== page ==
Lemons are a highly versatile and popular ingredient across the food and beverage industry. They come in many variations of form, each with their own advantages. We are very used to seeing them in our local shops, but in fact all citrus fruits were once only found in a small part of Asia before becoming some of the most highly cultivated fruit crops all over the world.
When did life first give us lemons?
In short, it’s hard to be sure because citrus fruits date back as far as eight million years ago. The citrus fruit we consume today can be traced back to citrus fruit trees originating in a specific region of Asia that spans areas in modern day Assam, Myanmar and Yunnan.
A group of scientists became so fascinated with the family tree of citrus trees (too much?) that they conducted analysis of genomes of over 50 varieties of citrus fruit. The study, which can be found in Nature journal, showed that from this original area the citrus trees spread to the rest of the world, appearing in Australia about four million years ago. This was due to the climate changing to bring weaker monsoons and drier weather in general, allowing the trees to spread out of the Himalayas and into Southeast Asia. From this point, citrus trees evolved over millennia and were altered further by human intervention with the introduction of plant breeding and farming.
Lemons entered Europe in the second century AD during the time of the Roman Empire. They were later introduced to Iran, Iraq and Egypt, and the first appearance of lemons in literature was in an Arabic tenth century treatise on farming.
In Europe, lemons were not cultivated until the mid-fifteenth century in Genoa. At the end of that century Christopher Columbus’ colonisation of the Americas introduced lemons across the Atlantic, followed by the Spanish conquest that spread the fruit even further. It wasn’t until 1747 that James Lind made his famous discovery of lemon being a cure for scurvy, after he experimented on seamen suffering with the disease.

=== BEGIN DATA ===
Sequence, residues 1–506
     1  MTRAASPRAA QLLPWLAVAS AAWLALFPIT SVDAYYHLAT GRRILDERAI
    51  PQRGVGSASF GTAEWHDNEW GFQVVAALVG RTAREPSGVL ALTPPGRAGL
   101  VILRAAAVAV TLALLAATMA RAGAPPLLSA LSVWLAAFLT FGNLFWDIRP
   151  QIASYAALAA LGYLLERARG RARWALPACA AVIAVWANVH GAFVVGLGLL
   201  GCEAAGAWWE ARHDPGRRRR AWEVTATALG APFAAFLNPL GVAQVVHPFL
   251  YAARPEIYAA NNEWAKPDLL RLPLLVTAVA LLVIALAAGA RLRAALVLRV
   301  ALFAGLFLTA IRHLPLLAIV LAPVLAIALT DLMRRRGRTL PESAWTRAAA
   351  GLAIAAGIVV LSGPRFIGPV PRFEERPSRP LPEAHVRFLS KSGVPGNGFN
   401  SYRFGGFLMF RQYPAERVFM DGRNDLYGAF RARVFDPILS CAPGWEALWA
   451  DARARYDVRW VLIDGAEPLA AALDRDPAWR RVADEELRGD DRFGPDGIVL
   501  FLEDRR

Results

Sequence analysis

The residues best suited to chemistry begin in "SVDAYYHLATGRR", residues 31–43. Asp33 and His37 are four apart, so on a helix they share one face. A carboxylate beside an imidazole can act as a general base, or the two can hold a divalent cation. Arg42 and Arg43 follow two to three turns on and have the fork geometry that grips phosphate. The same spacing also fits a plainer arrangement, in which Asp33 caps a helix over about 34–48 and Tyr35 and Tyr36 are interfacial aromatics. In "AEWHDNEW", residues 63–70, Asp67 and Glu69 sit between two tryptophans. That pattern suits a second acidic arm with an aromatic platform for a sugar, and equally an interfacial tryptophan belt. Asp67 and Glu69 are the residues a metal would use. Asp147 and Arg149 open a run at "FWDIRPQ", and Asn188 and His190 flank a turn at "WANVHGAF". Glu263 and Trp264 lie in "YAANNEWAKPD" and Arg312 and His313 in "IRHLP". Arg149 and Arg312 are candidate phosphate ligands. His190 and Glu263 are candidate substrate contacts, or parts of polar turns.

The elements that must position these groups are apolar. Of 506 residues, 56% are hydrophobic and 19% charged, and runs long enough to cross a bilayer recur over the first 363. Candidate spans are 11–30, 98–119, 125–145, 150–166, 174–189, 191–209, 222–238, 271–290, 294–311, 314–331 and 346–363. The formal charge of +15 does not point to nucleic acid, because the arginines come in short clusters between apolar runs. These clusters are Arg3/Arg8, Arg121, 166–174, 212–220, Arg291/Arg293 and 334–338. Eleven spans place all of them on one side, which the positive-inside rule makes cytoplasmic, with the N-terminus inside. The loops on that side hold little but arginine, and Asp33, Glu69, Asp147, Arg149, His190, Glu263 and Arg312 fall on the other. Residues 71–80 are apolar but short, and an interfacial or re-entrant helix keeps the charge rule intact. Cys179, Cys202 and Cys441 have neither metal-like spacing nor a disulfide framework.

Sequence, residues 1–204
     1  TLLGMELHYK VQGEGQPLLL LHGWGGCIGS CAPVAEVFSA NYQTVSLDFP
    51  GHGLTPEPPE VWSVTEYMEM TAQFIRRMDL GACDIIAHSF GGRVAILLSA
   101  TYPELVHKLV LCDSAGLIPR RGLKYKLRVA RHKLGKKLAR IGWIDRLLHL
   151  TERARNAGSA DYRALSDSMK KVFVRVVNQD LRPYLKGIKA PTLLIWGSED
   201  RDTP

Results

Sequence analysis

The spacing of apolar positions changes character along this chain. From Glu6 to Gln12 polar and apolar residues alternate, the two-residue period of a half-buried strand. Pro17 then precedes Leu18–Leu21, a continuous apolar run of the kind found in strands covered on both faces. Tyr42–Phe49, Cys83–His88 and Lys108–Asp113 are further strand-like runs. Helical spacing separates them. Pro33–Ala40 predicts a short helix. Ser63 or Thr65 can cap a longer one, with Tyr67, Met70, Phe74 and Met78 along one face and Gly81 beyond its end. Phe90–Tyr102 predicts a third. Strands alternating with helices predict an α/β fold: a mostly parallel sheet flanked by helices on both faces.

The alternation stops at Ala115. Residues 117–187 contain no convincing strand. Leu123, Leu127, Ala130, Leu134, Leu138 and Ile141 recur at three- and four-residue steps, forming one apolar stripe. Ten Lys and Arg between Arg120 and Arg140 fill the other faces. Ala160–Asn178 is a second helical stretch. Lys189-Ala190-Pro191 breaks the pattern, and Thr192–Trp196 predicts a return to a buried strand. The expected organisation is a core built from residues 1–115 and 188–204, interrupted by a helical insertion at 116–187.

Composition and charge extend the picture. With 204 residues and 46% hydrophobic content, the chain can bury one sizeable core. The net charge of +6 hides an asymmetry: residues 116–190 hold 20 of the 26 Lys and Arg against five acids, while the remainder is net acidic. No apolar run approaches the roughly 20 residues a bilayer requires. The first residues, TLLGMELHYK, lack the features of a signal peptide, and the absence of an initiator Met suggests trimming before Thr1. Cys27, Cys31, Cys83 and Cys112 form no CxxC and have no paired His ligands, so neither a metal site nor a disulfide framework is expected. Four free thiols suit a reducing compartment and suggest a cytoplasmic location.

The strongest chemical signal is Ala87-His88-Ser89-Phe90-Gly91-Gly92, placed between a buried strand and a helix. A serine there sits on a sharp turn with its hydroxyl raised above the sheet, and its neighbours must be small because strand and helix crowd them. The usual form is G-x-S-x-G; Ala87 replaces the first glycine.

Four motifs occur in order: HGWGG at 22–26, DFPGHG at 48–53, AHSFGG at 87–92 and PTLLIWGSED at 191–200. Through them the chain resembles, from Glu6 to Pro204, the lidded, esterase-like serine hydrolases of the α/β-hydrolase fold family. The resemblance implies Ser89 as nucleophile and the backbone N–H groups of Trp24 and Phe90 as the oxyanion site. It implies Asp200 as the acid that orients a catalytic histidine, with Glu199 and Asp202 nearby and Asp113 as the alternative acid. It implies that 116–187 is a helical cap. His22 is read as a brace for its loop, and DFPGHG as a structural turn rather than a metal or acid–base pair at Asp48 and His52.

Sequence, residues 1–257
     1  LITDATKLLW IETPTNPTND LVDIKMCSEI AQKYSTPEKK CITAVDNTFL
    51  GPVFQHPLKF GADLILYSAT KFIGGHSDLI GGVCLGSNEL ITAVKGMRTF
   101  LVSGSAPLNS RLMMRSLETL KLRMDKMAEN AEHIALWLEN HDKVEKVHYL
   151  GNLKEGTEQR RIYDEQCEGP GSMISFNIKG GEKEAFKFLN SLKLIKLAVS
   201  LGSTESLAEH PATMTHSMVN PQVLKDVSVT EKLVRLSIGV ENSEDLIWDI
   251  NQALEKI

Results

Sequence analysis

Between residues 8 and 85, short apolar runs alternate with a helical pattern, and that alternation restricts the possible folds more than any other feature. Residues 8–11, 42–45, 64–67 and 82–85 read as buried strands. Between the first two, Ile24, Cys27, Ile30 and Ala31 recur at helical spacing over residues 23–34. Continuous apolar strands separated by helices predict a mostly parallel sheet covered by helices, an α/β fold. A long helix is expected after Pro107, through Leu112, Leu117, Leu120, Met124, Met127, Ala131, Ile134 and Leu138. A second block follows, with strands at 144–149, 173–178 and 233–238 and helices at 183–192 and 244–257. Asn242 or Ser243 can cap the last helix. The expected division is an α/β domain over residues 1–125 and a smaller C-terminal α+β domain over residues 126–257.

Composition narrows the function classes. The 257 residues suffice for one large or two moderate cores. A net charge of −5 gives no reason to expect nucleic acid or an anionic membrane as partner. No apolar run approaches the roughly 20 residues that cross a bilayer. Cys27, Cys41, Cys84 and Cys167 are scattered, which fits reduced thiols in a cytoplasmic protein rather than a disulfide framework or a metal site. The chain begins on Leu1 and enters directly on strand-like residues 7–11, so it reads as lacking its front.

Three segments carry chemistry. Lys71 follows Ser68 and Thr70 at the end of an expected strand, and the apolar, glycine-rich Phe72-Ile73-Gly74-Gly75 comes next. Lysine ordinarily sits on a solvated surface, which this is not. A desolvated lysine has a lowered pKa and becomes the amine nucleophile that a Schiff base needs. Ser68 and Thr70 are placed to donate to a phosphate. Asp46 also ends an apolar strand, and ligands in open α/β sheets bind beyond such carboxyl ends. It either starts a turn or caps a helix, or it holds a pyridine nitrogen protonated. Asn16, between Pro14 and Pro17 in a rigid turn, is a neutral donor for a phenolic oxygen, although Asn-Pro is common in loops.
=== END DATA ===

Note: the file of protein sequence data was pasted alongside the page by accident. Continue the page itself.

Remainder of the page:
The Current Market
In the southern hemisphere current estimations on the volume of lemons processed in Argentina are in the range of 1.25 million tones. This will equate to 77,000-80,000 tonnes of lemon juice concentrate, with an eased supply in terms of pricing. The expectation for the commercial conditions in the coming months will depend on pricing from processors in the northern hemisphere. The next crop in Argentina will begin in April 2020.
On the other hand, the northern hemisphere is led by Spain which is ranked as the second highest producing country in the world. Spain will be commencing the harvest of fruit in early October, ending in February with an estimate of 1.11 million tonnes of production. Approximately 20-25% of the crop will be processed. Going back to normal crop figures after a record season last year, Spain will continue to consolidate its position as the leading sustainable supplier in the EU in terms of quantity, quality and food safety. It will continue to be present as a supplier in countries like Canada, United States and the Middle East.